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ATPs thrive amid consolidation

ATPs thrive amid consolidation

YARMOUTH, Maine - While personnel cuts often go hand in hand with mergers and acquisitions, ATPs need not worry about job security, stakeholders say.

“Sometimes with consolidation, you hear, 'There's going to be layoffs,' or 'We're going to decrease our workforce,'” said Don Clayback, executive director of NCART. “You may see some of that when it comes to support staff, like accounting and HR within the company, but the ATP shouldn't really be impacted.”

As of August, more than 4,100 individuals held a current ATP certification, according to RESNA's website.

One reason for the job security of ATPs is demand. Though the provider pool may be shrinking, the patient population remains the same.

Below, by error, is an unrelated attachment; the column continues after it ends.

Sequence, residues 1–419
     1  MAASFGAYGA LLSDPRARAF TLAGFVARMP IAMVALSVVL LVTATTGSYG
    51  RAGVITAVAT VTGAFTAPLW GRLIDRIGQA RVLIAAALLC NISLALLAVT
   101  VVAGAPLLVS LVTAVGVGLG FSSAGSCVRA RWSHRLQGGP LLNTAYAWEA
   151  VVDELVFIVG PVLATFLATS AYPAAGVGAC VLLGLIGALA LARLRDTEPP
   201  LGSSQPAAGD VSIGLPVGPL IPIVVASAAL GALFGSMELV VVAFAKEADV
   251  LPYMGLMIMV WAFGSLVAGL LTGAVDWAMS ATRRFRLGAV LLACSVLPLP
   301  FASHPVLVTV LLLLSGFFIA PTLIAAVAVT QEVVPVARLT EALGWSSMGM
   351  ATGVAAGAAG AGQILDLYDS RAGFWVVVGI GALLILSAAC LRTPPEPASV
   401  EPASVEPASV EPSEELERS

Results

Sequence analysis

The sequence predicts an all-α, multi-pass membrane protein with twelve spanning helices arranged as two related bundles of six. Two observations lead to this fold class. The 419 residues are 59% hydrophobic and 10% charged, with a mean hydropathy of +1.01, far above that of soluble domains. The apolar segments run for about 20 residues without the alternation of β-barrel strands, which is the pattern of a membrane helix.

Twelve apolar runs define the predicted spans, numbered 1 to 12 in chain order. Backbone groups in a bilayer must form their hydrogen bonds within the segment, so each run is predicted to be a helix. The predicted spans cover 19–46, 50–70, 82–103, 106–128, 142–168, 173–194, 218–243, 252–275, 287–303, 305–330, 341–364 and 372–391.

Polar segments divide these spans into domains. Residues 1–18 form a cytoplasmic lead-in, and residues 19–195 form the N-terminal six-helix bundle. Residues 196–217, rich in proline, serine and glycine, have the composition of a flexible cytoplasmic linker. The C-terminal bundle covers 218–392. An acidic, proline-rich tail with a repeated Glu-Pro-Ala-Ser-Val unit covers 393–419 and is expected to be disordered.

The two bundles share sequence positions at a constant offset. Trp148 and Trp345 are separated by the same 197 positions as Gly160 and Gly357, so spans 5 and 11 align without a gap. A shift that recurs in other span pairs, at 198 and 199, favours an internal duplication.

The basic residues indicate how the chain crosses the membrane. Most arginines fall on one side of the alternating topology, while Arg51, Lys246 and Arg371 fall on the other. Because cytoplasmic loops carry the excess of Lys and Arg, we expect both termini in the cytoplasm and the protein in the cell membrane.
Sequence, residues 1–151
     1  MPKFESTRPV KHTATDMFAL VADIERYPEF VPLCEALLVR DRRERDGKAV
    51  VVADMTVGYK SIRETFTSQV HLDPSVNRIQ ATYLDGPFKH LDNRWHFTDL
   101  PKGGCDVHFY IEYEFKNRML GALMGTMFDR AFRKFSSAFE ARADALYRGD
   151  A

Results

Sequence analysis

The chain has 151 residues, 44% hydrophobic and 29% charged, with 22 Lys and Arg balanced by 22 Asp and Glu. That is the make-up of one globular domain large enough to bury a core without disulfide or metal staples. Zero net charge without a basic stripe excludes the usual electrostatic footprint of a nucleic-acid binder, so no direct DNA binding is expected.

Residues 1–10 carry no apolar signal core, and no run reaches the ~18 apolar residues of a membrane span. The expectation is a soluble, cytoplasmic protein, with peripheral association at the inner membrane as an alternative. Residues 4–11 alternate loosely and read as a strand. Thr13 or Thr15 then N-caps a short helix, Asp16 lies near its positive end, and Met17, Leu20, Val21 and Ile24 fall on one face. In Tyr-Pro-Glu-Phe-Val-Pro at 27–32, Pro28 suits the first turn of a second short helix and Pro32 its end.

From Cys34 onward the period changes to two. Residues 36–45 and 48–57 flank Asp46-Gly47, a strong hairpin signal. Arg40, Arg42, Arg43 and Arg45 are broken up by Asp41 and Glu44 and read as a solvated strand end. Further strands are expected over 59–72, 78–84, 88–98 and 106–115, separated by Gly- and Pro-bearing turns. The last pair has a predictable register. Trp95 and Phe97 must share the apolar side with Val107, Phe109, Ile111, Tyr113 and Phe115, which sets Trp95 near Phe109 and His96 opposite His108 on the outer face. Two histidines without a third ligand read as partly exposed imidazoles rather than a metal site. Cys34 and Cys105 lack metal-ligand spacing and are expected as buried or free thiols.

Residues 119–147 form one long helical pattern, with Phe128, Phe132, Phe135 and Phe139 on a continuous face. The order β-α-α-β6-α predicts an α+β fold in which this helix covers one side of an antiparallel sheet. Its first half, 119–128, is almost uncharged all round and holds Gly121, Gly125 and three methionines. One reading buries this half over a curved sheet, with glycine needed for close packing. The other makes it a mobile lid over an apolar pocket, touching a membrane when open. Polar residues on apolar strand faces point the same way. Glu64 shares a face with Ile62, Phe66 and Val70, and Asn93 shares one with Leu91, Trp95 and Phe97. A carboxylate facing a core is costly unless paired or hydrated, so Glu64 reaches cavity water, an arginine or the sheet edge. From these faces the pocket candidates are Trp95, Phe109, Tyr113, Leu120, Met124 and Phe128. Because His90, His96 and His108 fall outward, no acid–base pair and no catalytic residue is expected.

“Whether there are 100 different companies or 50 different companies or 10 different companies serving the marketplace, the need will continue to be there for ATPs,” said Julie Piriano, director of rehab industry affairs at Pride Mobility.

In addition, ATPs are often prized for their relationships with customer referral sources, making them assets to companies.

Valuable as they are, stakeholders say poaching between competitors is rare. They credit that to non-compete agreements, competitive salaries and a steady hiring pool.

Jeff Offner, president of Bronx, N.Y.-based Rehabco, adds: “If I need an ATP I can find someone or I grow my own. I train them to the level that they need to be trained and then sponsor them for the test.”

One advantage to developing talent from within: there are no learned bad habits to break, says Offner.

“They don't have the baggage that you would normally get from an ATP that comes from another company,” he said. HME


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